Lowenthal v New York Downtown Hosp.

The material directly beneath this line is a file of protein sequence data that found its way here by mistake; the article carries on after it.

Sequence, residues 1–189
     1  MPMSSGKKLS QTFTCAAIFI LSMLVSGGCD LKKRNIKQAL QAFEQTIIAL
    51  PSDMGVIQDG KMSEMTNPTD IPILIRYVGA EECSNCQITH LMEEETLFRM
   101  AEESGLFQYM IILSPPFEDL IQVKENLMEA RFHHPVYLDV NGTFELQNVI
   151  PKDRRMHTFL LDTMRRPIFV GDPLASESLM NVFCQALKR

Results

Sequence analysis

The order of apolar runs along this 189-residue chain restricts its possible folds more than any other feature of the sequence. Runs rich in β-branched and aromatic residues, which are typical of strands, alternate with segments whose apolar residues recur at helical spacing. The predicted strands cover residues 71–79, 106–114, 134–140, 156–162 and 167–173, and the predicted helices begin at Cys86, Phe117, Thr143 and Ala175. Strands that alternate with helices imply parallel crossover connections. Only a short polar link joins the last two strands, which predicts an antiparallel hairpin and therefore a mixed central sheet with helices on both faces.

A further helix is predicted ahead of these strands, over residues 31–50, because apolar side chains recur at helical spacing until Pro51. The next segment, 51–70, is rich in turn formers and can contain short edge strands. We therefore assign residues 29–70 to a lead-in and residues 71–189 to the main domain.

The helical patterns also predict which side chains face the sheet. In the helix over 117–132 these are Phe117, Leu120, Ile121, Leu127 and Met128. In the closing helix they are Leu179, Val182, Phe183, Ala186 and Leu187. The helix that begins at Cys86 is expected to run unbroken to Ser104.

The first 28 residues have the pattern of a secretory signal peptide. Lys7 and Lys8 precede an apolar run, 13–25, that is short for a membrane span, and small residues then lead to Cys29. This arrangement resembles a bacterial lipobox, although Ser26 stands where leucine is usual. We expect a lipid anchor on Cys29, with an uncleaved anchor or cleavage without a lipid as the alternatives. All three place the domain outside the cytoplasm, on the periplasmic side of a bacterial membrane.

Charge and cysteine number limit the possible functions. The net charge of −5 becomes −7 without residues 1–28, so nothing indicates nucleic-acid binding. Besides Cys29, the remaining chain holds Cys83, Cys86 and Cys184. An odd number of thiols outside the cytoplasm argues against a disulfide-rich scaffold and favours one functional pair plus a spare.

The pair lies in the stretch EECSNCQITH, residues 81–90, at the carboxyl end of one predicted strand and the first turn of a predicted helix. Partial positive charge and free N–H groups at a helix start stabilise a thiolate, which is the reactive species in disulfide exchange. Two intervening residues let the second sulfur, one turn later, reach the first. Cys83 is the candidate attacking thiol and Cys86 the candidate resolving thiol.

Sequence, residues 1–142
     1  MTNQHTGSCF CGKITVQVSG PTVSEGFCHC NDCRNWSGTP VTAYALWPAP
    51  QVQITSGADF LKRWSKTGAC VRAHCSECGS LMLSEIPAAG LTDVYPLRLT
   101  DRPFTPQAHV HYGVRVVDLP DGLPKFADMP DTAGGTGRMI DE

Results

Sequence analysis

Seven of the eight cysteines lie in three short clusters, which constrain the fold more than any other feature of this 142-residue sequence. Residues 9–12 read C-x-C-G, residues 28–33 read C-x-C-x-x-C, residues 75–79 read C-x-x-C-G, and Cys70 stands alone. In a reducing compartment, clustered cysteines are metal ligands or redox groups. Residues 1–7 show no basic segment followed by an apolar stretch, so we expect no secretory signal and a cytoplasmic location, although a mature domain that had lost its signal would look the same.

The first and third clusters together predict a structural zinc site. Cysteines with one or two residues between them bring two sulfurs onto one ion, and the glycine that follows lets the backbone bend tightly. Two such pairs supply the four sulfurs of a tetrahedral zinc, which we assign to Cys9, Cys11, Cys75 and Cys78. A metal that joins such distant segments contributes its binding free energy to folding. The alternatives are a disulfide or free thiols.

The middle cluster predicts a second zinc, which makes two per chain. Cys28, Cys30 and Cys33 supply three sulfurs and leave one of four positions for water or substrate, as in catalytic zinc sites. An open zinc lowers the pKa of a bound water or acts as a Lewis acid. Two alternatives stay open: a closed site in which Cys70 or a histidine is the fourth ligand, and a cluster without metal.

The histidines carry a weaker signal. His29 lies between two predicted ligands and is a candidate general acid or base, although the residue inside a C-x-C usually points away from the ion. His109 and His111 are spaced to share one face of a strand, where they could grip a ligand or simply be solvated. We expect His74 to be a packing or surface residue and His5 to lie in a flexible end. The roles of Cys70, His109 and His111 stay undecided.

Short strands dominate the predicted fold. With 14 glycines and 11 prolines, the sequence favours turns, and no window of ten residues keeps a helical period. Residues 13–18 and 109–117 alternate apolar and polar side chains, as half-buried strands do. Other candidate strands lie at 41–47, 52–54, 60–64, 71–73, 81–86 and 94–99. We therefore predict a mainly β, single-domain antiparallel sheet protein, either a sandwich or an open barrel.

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Download PDF Lowenthal v New York Downtown Hosp. 2011 NY Slip Op 32173(U) July 29, 2011 Sup Ct, NY County Docket Number: 106344/09 Judge: Alice Schlesinger Republished from New York State Unified Court System's E-Courts Service. Search E-Courts (http://www.nycourts.gov/ecourts) for any additional information on this case. This opinion is uncorrected and not selected for official publication. ANNED ON 81112011 [* 1] SUPREME COURT OF THE STATE OF NEW YORK PRESENT: A N E SR r F I7 .InP - NEW YORK COUNTY PA JA PART 16 t k n - Index Number : 106344/2009 INDEX NO. LOWENTHAL, ZVI MOTION DATE VS. MOTION SEQ. NO. NEW YORK DOWNTOWN HOSPITAL MOTION CAI.. NO. SEQUENCE NUMBER : 001 - ORDER OF PROTECTION I this motion tolfor PAPERS NUMBERED Notice of Motion/ Order to Show Cause - Affidavits - Exhibits ... Answering Affidavits - Exhlblts Replying Affidavits Cross-Motion: Yes NO Upon the foregoing papers, it is ordered that this motion by JupLL I & bobdhq FILED AUG 0 12011 NEW YOHK COUNTY CLERKS OFFICE SUI. 2 9 2011 Dated: Date,. Check one: fi FINAL DISPOSITION FINAL DISPOSITION Mcu . yLLii3 - 7 W/,PILICE S H $ C Y i NON-FINAL D @ ION 0 DO NOT POST 0 REFERENCE 0 SETTLE ORDER/ JUDG. c SUBMIT ORDER/ JUDG. ] Check if app optiate: [* 2] I SUPREME COUNTY OF THE STATE OF NEW YORK COUNTY OF NEW YORK: IA PART 16 r--___________------------------------------------------------------------ 1 ZVI LOWENTHAL, as Executor of the Estate of ROSE ZVI LOWENTHAL and ZVI LOWENTHAL, as representative of the Heirs and Distributees of ROSE LOWENTHAL, deceased; and ZVI LOWENTHAL, as Executor of the Estate of MARTIN LOWENTHAL, deceased, Index No. 106344109 Motion Seq. No. 001 Plaintiffs , -againstNEW YORK DOWNTOWN HOSPITAL and DR. NAJERI, Defendants. -. SCHLESINGER, J. FILED AUG 012011 action for a protective order pursuant to CPLR $5 3101 and 3103 prohibiting plaintiffs discovery of e-mail correspondence sent on December 9,2008 by the decedent s surgeon Kenneth McCulloch, M.D. to Steven Friedman, M.D., Chief of the Hospital s Department of Surgery. The Hospital contends that the e-mail is privileged as it was prepared and used in connection with the Hospital s Quality Assurance proceedings. Defendant Dr. Najiri supports the request, though he has never seen the e-mail. Plaintiff vigorously opposes the motion, asserting that the e-mail is not privileged, even if used by the Hospital in its Quality Assurance proceedings, because it was not written by or at the behest of the Quality Assurance Committee. Background Facts Plaintiff Rose Lowenthal was admitted to the defendant Hospital on December 2, 2008 for a right hip arthroplasty. The surgery was performedthe following day, as planned, by Dr. Kenneth McCulloch, a private attending orthopaedic surgeon with privileges at the [* 3] Hospital. The surgery apparently was uneventful and successful. However, due to developments after the surgery, Rose Lowenthal died at the Hospital two days after the surgery, on December 5,2008 at the age of 89. It is the nonorthopaedic aftercare provided by the Hospital staff that gave rise to this malpractice action; Dr. McCulloch is not a defendant. According to the plaintiffs attorney Scott Rubin, Dr. McCulloch contacted him during the course of this litigation when he received an Aronsauthorization from defense counsel. Dr. McCulloch advised Mr. Rubin at that time that he had been so upset by the unnecessary death of Mrs. Lowenthal that he sent an unsolicited letter to the Hospital in order to bring the events to their attention. He added that he wrote the letter on his own and not at the request of the Hospital. (Aff. in Opp. at 75).Mr.Rubin then demanded a copy of the letter from the Hospital s counsel during discovery, and when counsel declined, he was directed to make this motion for a protective order. Discussion The framework for the defendant s motion is New York Public Health Law 5 2805-j, which mandates that every hospital maintaina medicalmalpractice prevention program that includes a Quality Assurance Committee. Defendant also relies on the related §6527(3)of the Education Law, which states in relevant part that: Neither the proceedings nor the records relating to performance of a medical or quality assurance review function or participation in a medical and dental malpractice prevention program nor any report required by the department of health pursuant to section twenty-eight hundred five-I of the public health law , . . shall be subject to disclosure under article thirty-one of the civil practice law and rules except as hereinafter provided or as provided by any other provision of law. 2 [* 4] Defendant urges this Court to broadly construe the governing statutes to exempt Dr. McCulloch s e-mail from disclosure because it was reviewed by the Hospital s Quality Assurance Committee as part of its review of the Lowenthal case. In support of its position the Hospital provides two affidavits; the first is from Dr. Steven Friedman, the individual to whom the e-mail was addressed, and the second is from Dr. Pauline Hecht, another physician at the Hospital who received a copy of the e-mail from Dr. Friedman. Dr. Friedman indicates that, as Chief of the Department of Surgery at the Hospital, he is a member of the Quality Assurance Committee for his department. He has served in those capacities since 2004 and continuing to date, including December 2008 when Mrs. Lowenthal passed away at the Hospital two days after her surgery. Dr. Friedman describes the circumstances that led to the e-mail as follows (at gv9-IO): Shortly after the death of Ms. Lowenthal, Dr. McCulloch approached me in the hospital to discuss the care and treatment received by Ms. Lowenthal at New York Downtown Hospital during her admission from December 2-5, 2008. He told me that we [sic] wanted to bring her care and treatment to my attention so that the hospital could review the event, make any appropriate changes, and evaluate risk and responsibility in the patient s care. As is my custom and practice, I asked Dr. McCulloch to put any recommendations into an e-mail so that it could [be]presented to the Department of Surgery s Quality Assurance Committee for review. The Lowenthal case would be reviewed by the Quality Assurance Committee given the patient s mortality. In his affidavit, Dr. Friedman further confirms his receipt of the e-mail from Dr. McCulloch on December 9,2008 and states ( at 7.1I) he reviewed it in anticipation of that the Quality Assurance Committee s review scheduled for February 26,2009. He explains (at V I 2) that he then gave a copy of the e-mail to Dr. Pauline Hecht, Associate Chair of the Hospital s Department of Surgery and Chair at that time of the Department of Surgery s 3 [* 5] Quality Assurance Committee. Dr. Friedman did not give anyone else the e-mail. According to Dr. Friedman, he attended the meeting of the Quality Assurance Committee on February 26, 2009 when the Committee reviewed the e-mail in connection with its review of the circumstancessurrounding Mrs. Lowenthal s death and then placed it in the file maintained in the Quality Control Department for the Hospital (713). As particularly relevant here, Dr. Friedman boldly asserts (at 113) that Dr. McCulloch s email was created exclusively for review by the Quality Assurance Committee and was restricted solely to the members of that committee. He then cites the controlling statute (at 715), which he claims protects the document from disclosure, and argues (at 114) that disclosure would have a devastating and severely chilling effect on the integrity of the review process and ultimately, in the quality of care we provide our patients. Much of the wording in Dr. Hecht s affidavit is identical to that of Dr. Friedman, suggestingthat counsel drafted both documents. For much of hertenure, includingthe time relevant here, Dr. Hecht was Associate Chair for the Department of Surgery and Chair of the Quality Assurance Committee for her department. In describing the work of the Committee, Dr. Hecht states (at 76) that: Patient mortality is one of the criteria that may commence review by the Quality Assurance Committee. (Emphasis added). Specifically with respect to the Lowenthal case, Dr. Hecht explained the circumstances surrounding her receipt of Dr. McCulloch s e-mail as follows (at 79): As Chair of the Department of Surgery s Quality and Assurance Committee [I] prepared the case for presentation before the review committee. Part of my preparation included interviewingDr. McCulloch regardingMs. Lowenthal scare and treatment. During my interview Dr. McCulloch advised m e that he had sent an email to the Chair of the hospital s Surgery Department, Steven Friedman, M.D., so that the hospital could reviewthe Lowenthal case and make appropriate changes and evaluate the responsibility in the patient s care. 4 [* 6] Dr. Hecht confirms in her affidavit (at I l l ) that the Committee reviewed the Lowenthal case on February 26, 2009 and that Dr. McCulloch s e-mail was one of the documents reviewed by the Committee on that date. The Committee did not distribute the e-mail beyond the Committee members and then filed it in The Quality Control Department with restricted access. Dr. Hecht concludes her affidavit (at q12), as Dr. Friedman did his, emphasizing the importance of keeping the e-mail privileged and the chilling effect that disclosure would have on the integrity of the review process and ultimately, in the quality of care we provide our patients. While both Dr. Friedman directly claims, and Dr. Hecht strongly suggests, that Dr. McCulloch drafted his e-mail exclusively for review by the Quality Assurance Committee, Dr. McCulloch s position is quite different. At oral argument, plaintiffs counsel submitted a brief, straighfforward affirmation from Dr. McCulloch that explains his reasons for writing the e-mail. Plaintiffs counsel explained to the Court when he presented the affirmation that he had reached out to Dr. McCulloch earlier, but he had been unable to obtain a written statement before the oral argument date. Considering the importance of the affirmation to the dispute at hand and the circumstances overall, the Court accepted the affirmation over the objection of defense counsel. In his affirmation, Dr. McCulloch confirms that he was the orthopaedic surgeon who performed a hip arthroplasty on Rose Lowenthal in December 2008. He indicates (at 73) that Mrs. Lowenthal had an uneventful surgical intraoperative course and early postoperative period but died several days after the procedure at the Hospital. Significantly,Dr. McCulloch then describesthe circumstances surrounding his writing of the e-mail, emphasizing (at q4) that he wrote it on his own to criticize the care provided by the Hospital staff, and not for the Quality Assurance Committee: 5 [* 7] As a result of Mrs. Lowenthal s death, I wrote a letter of my own volition, and not at the request of another individual or department, that discussed the circumstancessurrounding her death. The letter was critical of her non-orthopaedic medical care and the New York Hospital Housestaff rotating at New York Downtown Hospital who were involved in her care. In keeping with that description of the letter s purpose, Dr. McCulloch then indicates that he sent the letter to the Surgical Residency Director, the Chief of Surgery, and the Chief of Orthopaedics. With respect to the use of the letter for quality assurance purposes, Dr. McCulloch implicitly questions the seriousness of that claimed use, stating (at 76): I was not invited to participate in a Quality Assurance Meeting or Morbidity and Mortality Meeting referable to Mrs. Lowenthal. Defense counsel urges this Court to broadly construe the controlling statutes to confer a privilege not only on documents created by or at the behest of the Quality Assurance Committee, but also on those documents - like the e-mail at issue here -that simply were reviewed by the Committee. However, the case law does not support such a broad reading. Rather, the statutory scheme has a limited purpose to protect the actual workings of quality assurance review committees. As the Court of Appeals explained in Logue v Velez, 92 NY2d 13, 17 (1998): The purpose of the discovery exclusion is to enhance the objectivity of the review process and to assure that medical review committees may frankly and objectively analyze the quality of health services rendered by hospitals (see, Mem of Assembly Rules Comm, Bill Jacket, L 1971, ch 990, at 6). By guaranteeing confidentiality to quality review and malpractice prevention procedures, this provision is designed to encourage thorough and candid peer review of physicians, and thereby improve the quality of medical care. [* 8] . More recently, in 2003, the Court of Appeals confirmed its narrow reading of the privilege articulated in Logue in In re Subpoena Duces Tecum to Jane Doe, Esq., 99 NY2d 434,439. Even assuming that Dr. Friedman requested that Dr. McCulloch express his concerns in writing with the intention that Dr. Friedman would then give the e-mail to Dr. Hecht who compiles material for the Committee, that fact does not mean that the e-mail is privileged and exempt from disclosure. It is the burden of the entity seeking to invoke the privilege to establish that the documents sought were prepared in accordance with the relevant statutes. Made v. Brooklyn Hosp. Center, 9 A.D. 3d 41,46 (2ndDep t 2004), citing Omer v. Mt. Sinai Hosp., 305 A.D. 2d 307 (IntDep t 2003). The burden is not satisfied by a showing that the report was received by the hospital s quality assurance committee. Clement v. Katen Residence, 60 AD3d 527 (1at Dep t 2009). A facility may not create a privilege where none would otherwise exist merely by assigning the duty for compliance or compilation to a quality assurance committee. In re Subpoena, 99 NY2d at 440. The burden of proving privilege can only be satisfied by a particularized showing in evidentiary form, such as an affidavit from an individual with personal knowledge, that the report was prepared at the behest of the quality assurance committee for their purposes and actually utilized by them for their purposes. Thus, in Clement, the First Department found that the requested incident reports were not privileged since, while utilized by the quality assurance committee, they were of the type routinely prepared and maintained by the nursing home to comply with regulatory reporting requirementsand were not prepared by or at the behest of the committee. See also Simmons v. Northern Manhattan Nursing Home, lnc., 52 AD3d 351, 352 (Ist Dep t 2008)(defendant failed to meet burden of demonstrating that all documentation of and from the Quality Assurance Committee 7 [* 9] related to the quality assurance function so as to qualify for the privilege);Raptis-Smith v. St- Joseph s Medical Cenfer, 302 AD2d 246 (Iut 2003)(physician s reading of X-rays Dep t not privileged, despite doctor s contract with hospital to interpret X-rays for purposes of quality assurance, where evidence showed the particular review had been completed for diagnostic purposes); Benacquista v. Mount Sinai Hospital, 20 Misc 3d I 11(A)(Sup. Ct., 1 NY Co., Sklar, J. 2008)(incident report not privileged, despite reference to quality assurance, where hospital failed to prove the report was prepared at the committee s behest for its specific use). The Hospital in the case at bar has wholly failed to satisfy its burden of proving that Dr. McCulloch se-mail is exempt from disclosure pursuant to the limited privilege afforded by law. Looking first at the governing statute quoted above, Education Law §6527(3), the Court finds that the e-mail does not fall within any of the categories of documents described as privileged. Those categories include the proceedings and records relating to an institution squality assurance review function or medical malpractice prevention program. Clearly, the e-mail is not a transcript of the proceedings; nor can it reasonably be viewed as a record relating to the quality assurance function. While the Legislature intended to protect the confidentiality of the proceedings so as to foster open discussion, it did not intend to create a broad privilege that shields persons or institutions such as the Hospital here whose conduct is subject to review. VanBergen w Long Beach Medical Center, 277 AD2d 374, 375 (2ndDep t ZOOO),citing Logue, supra. The statute also exempts any report required by the Department of Health pursuant to Public Health Law 5 2805-1. The referenced reports are those that hospitals must file to report certain types of incidents, which the e-mail is not. 8 [* 10] Nor do the affirmations proffered by the defense prove that the e-mail falls within the limited statutory privilege. Dr. Friedman merely indicates that Dr. McCulloch approached him about the Lowenthal case, that Dr. Friedman requested that Dr. McCulloch send him his comments in writing, and that Dr. Friedman gave Dr. Hecht the e-mail when he received it. Even assuming Dr. Friedman requested the e-mail with the intention of giving it to the QualityAssurance Committee, Dr. McCulloch s statementwas undeniably motivated in the first instance by his own concerns. Dr. Hecht merely indicates that she received the e-mail from Dr. Friedman, as she was charged with compiling documents related to the Lowenthal case, and that she gave the e-mail to the Committee for review. Thus, neither of these doctors affirms that Dr. McCulloch purposefully created the e-mail for the exclusive use of the Quality Assurance Committee. What is more, as discussed above, Dr. McCulloch directly refuted any such suggestion that he created the e-mail for the Quality Assurance Committee. He explained that he was upset by what he perceived as the unnecessary death of his patient Rose Lowenthal, that he spoke with Dr. Friedman, the Chief of Surgery, to criticize the nonorthopaedic aftercare provided by Hospital staff, and that he then wrote the e-mail confirming those criticisms. Or. McCulloch s affirmation is far more credible than the affirmations offered by the defense, as it is a straightforward recitation of the facts with no attempt to argue the law, It is also wholly consistent with the report by plaintiffs counsel of the telephone call he received from Dr. McCulloch earlier in the litigation. In addition, Dr. McCulloch s recitation of the facts in his affirmation is wholly consistent with this Court s understanding of the e-mail s purpose, after having reviewed it in camera. As suggested by the statement in his affirmation that the e-mail was critical 9 [* 11] of the post-operative care and treatment provided to Mrs. Lowenthal, Dr. McCulloch in his e-mail was essentially expressing his outrage at certain actions and inaction by the Hospital staff. While it is true, as stated in the affirmations from Dr. Friedman and Dr. Hecht, that Dr. McCulloch did advise Dr. Friedman in the e-mail that the Hospital should make appropriate changes and evaluate risk and responsibility [in connection with Mrs. Lowenthal s] care, it is clear that his primary reason for writing the e-mail was to bring to the Hospital s attention the shocking events leading to Mrs. Lowenthal s death about which he had not been informed in a timely fashion. Disclosure of the e-mail is supported by the public policy behind the law, which protectsthe confidentiality of proceedings and records of the Quality Assurance Committee so as to foster discussion and improve the quality of care; the statute was not designed to shield persons or institutions charged with wrongdoing. For that reason, the statute expressly allows for the disclosure statements made to the Quality Assurance Committee by a party to litigation when related to the subject matter of the litigation. As Dr. McCulloch drafted the e-mail at issue here for a purpose wholly independent of the Quality Assurance Committee, disclosing it will not breach the confidentiality of the Committee s proceedings, even if the e-mail was later forwarded to the Committee and reviewed by its members. The Hospital has failed to cite a single appellate case from the First Department to support its position. Nor do any of the other cited cases justify the protective order requested here. In D Angelis vBufalo GeneralHospital, 2 AD3d 1477 (4thDep t 2003),the court exempted from disclosure a written evaluation prepared by a nonparty physician that -unlike here -the doctor had drafted expressly (and apparently solely) for review by the Quality Assurance Committee, Similarly distinguishable is Burnside v Foot Clinics of New 10 [* 12] York, et a/., 115 Misc. 2d 85 (Sup. Ct., NY Co. 1982), which exempted from disclosure the treating physician s report to the Quality Assurance Committee prepared expressly for the Committee s review. To the extent the Hospital relies on Benacquista v Mount Sinai Hospital, 20 Misc. 3d 111I(Sup. Ct., NY Co. 2008) to argue that any document used by the Quality Assurance Committee is exempt from disclosure, that reliance i misplaced. s Justice Sklar there ordered the hospital to disclose an incident report prepared by a nurse, even though the preprinted form used indicated that it was prepared for the hospital s Quality Assurance Program and was confidential, finding that the report was multimotivated and not prepared and used solely for quality assurance purposes.2 In sum, the defendant Hospital has not satisfied its burden of proving that the December 9, 2008 e-mail written by Dr. McCulloch when he learned of Mrs. Lowenthal s death is exempt from disclosure pursuant to the limited privilege afforded by the Public Health and Education Laws. Accordingly, it is hereby ORDERED that the motion by the defendant New York Downtown Hospital for a protective order is denied, and the Hospital is directed to provide a copy of Dr. McCulloch s FILED e-mail to all counsel within seven days of the date of this decision. This constitutes the decision and order of this Court. AUG 0 1 2011 A Dated: July 29, 201 I NEW YORK JUI 2 9 2011 J.S.Cf u \ ALICE SCHLESINGER The co-defendant cites Katherine F. v Perez, 94 NY2d 200( 1999), which is also readily distinguishable. The court there exempted from disclosure incident reports required by the Public Health Law and the Mental Hygiene Law prepared in connection with an investigation of the alleged sexual assault of a minor patient by the institution s employee. 11